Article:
Act Like You Know Him

I’ll never forget Mark’s first day of fifth grade. It was a unique situation because the building was completely new to him, but the teacher wasn’t. She had previously taught Mark second and third grade at another building but had transferred to a new position at the same school Mark had been moved to.

I did everything I could to make the transition as easy as possible for Mark. I reminded him repeatedly that, yes, the building would be new and so would all the other students. But I reassured Mark by reminding him that he would have the same teacher whom he already knew and loved. I even made two separate trips to the new building during the summer, so that Mark could become more comfortable with what would be his new school.

He was proud to be starting fifth grade and excited to see his favorite teacher once again. So, I was honestly taken aback by his reaction when the first day came. In fact, I think his feelings and actions took both myself and Mark by surprise.

Together, we entered the cafeteria where all the students had been asked to gather on the first day. But that’s when I felt Mark’s clasp on my hand turn from relaxed into a death grip. And when I glanced down to see what had happened, I noticed he wasn’t breathing. He must have started to hold his breath prior to digging his fingernails into my right hand because I noticed his cheeks were beginning to turn the same shade of purple as his backpack. Oy.

It was packed and as loud as you can imagine one room filled with over five hundred excited and anxious children would be. But I did my best to find a bit of privacy. The very last thing Mark needed was to add embarrassment to everything else that was already overwhelming him.

“Mark,” I said as calmly but as loudly as I could so that he would be able to hear me. “You’ve got to breath, Sweetie. Breath.”

When that didn’t work, I relied on an old standby; I started blowing puffs of air into his face. Thankfully this worked, but after a few hard blinks, Mark suddenly took a loud gasp of air and proceeded to let out a blood curdling scream.

“Mark, calm down,” I said as I rubbed his arms, trying to relax his stiff, tight muscles, “What’s wrong? Tell Momma.”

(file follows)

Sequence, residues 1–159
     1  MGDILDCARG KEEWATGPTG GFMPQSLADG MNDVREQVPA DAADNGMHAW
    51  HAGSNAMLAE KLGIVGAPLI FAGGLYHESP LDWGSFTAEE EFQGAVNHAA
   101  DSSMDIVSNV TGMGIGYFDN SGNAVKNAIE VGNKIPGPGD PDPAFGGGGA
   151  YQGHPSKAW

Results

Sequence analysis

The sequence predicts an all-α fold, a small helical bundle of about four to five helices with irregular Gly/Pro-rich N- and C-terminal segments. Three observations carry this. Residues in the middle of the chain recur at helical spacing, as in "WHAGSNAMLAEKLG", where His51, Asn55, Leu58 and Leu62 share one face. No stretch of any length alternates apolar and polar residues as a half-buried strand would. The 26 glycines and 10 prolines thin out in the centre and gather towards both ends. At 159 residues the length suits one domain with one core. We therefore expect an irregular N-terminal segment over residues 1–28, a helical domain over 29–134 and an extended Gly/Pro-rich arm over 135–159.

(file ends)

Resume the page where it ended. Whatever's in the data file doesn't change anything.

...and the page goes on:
“I…Uh…I…Uh…Uh…” he uttered repeatedly between sobs. I could tell he was close to passing out and could do little more than stutter at this point.

The not-so-small peanut gallery of other kids and several adults that was now surrounding us didn’t escape me, either. Neither did it help. So, I grabbed Mark’s hand firmly and guided him through the crowd back to the school office.

It took some doing. The office staff did not want to call his teacher down to the office. They wanted to protect her last few minutes of free time before the start of the school day. But I knew that she knew Mark and loved him as much as I did. I also knew that if Mark could just see her, he could remember that in the middle of all this newness, all this chaos, all this emotional suffering and distress, he could know that everything was going to be okay.

Fortunately, I was convincing enough. Either that or Mark’s inconsolable tears and incomprehensible stuttering did the trick. Who knows? Maybe both helped. But it took little more than a few minutes from the time the teacher was called to the moment she appeared in front of him, kneeling down to make eye contact with Mark on his level.

“Mark,” she said so softly I could barely hear her myself. “It’s my first day, too. Can we go into the cafeteria together?” And with that, there was a transfer of security. Mark’s now sticky-with-sweat and shaking hand transferred from mine to that of his teacher. In an instant, my own blood pressure likely dropped a good 30 points!

The situation didn’t change at all. Mark was still terrified and suffering terribly. But now he knew he wasn’t going to face the day alone. He knew his place: In the middle of this new and scary situation, yes. But also in the caring and proven hands of a teacher whom he loved, knew and trusted.

The same is true for us.

We can suffer well if we also know our place. Like Mark, knowingly stepping into a most uncomfortable situation, but comforted by knowing that he isn’t alone. Our place is with God. He is our rock (Psalm 18:2), our shield (Proverbs 30:5) and He “knows those who take refuge in him” (Nahum 1:7).

What a profound privilege.

What a peaceful place to be.

Like this post? It’s taken from Going for Broke: How to Suffer Well. (Click here to find it on Amazon.)

How to Take Bad News

It’s not a matter of if, but when. At one point or another, we all get faced with bad news. But the good news is that it doesn’t have to break us. In fact, how less-than-ideal news affects us is completely up to us—and in light of bad news, this simple truth can be a very good thing!

Here are six simple ways to take bad news so that it doesn’t take you down, too:

Resist the urge to react immediately. Instead, opt for patience and pause.
Our reactions don’t just affect others. They affect us, too. A knee-jerk reaction could very well set the stage for even greater emotional stress later. In other words, don’t do something in the moment that you might regret later. Instead, give yourself the opportunity and time needed to carefully think things over before you respond.